I’m associate professor at the Department of Social Psychology at the Universitat Autònoma de Barcelona. My research interests are mainly related to the study of care technologies (with a special focus on social robots at this moment) and citizen participation in technoscientific issues. I have been member of the EASST Council in the past, from 2015 to 2020. The first two years as a coopted member, due to my involvement in the organization of the 4S/EASST 2016 joint conference in Barcelona. As a member of the council, I have been especially committed to issues related to the preparation and organization of meetings. Besides, I have some experience leading groups and organizing processes (in the past I was the Dean of my Faculty and I’m currently the Head of my Department). If I get your confidence, I would like to put these skills at the service of our Association again.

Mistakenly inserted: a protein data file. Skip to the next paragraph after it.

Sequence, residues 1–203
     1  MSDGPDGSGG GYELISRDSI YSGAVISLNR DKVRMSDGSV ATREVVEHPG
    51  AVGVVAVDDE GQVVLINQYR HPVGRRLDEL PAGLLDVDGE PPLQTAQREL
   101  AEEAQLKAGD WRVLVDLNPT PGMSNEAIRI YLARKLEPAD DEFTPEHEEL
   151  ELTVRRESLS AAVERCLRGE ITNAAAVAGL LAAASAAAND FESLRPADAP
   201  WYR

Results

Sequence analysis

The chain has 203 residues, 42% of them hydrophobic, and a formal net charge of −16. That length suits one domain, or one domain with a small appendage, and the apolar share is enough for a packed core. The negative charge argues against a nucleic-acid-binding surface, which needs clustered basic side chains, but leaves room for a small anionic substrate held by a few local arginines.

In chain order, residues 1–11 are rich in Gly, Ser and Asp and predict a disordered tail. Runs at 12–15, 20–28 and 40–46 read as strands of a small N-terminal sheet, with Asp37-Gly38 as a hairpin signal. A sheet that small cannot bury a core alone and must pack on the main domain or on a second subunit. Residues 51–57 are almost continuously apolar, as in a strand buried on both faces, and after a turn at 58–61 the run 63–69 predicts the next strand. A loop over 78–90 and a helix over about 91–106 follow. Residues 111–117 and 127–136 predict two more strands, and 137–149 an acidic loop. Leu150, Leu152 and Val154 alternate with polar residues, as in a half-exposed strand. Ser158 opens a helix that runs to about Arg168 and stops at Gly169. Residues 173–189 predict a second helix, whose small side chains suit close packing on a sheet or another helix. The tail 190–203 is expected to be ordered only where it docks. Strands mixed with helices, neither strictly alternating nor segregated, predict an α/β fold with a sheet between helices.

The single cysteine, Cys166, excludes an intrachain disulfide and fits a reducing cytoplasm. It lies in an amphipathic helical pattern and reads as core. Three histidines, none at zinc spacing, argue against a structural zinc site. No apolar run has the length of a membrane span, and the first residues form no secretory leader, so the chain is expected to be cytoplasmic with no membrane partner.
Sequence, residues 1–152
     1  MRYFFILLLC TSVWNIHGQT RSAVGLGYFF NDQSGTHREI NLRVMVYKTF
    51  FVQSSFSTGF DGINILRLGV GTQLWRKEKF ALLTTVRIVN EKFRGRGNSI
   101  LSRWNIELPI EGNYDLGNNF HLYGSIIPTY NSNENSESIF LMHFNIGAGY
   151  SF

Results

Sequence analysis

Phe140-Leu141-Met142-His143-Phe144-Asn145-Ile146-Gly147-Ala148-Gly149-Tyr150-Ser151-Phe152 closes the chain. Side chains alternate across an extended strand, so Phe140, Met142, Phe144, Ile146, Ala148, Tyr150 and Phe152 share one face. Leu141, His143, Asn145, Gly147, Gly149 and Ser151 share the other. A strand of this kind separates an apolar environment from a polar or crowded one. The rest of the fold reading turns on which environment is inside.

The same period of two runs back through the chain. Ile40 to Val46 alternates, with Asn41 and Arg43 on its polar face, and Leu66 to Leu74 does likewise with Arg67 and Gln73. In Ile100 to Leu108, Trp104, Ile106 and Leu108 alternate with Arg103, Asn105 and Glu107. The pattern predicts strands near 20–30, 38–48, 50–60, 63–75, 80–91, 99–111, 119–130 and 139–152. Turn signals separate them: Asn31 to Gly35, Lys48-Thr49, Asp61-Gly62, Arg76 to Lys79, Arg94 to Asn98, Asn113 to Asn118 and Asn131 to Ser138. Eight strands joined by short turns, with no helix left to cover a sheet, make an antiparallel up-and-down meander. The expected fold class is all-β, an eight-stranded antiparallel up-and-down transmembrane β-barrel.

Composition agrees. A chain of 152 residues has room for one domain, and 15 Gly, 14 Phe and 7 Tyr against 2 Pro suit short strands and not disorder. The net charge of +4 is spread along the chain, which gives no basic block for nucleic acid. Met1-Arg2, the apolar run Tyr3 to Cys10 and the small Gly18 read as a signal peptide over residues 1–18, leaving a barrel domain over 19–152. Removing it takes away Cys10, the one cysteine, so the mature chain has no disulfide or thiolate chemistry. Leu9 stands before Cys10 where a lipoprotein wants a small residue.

Andrea Núñez Casal (Spanish National Research Council/University of Santiago de Compostela)


I am an inter/transdisciplinary researcher of the entanglements between microbes, embodiment and inequalities with a long-standing intellectual preoccupation with issues of biological individuality and embodiment in relation to alterity, health disparities and more-than biomedical approaches to infections/AMR. My PhD (Goldsmiths, 2019) examined the biosocial configurations of human microbiome science at the crossroads of ongoing histories of racial, classed and gendered capitalism. I am a Margarita Salas Research Fellow at the Department of Science, Technology and Society of the Institute of Philosophy at the Spanish National Research Council (IFS-CSIC) and the Department of Philosophy and Anthropology of the University of Santiago de Compostela (USC). I am currently conducting a research project, ̈GERMEN: Gender, Microbes and Buen Vivir ̈ (2022-2024), centred on local transgenerational knowledges-practices and embodied experiences of microbial healing and their subsequent imprint on contemporary microbiological research.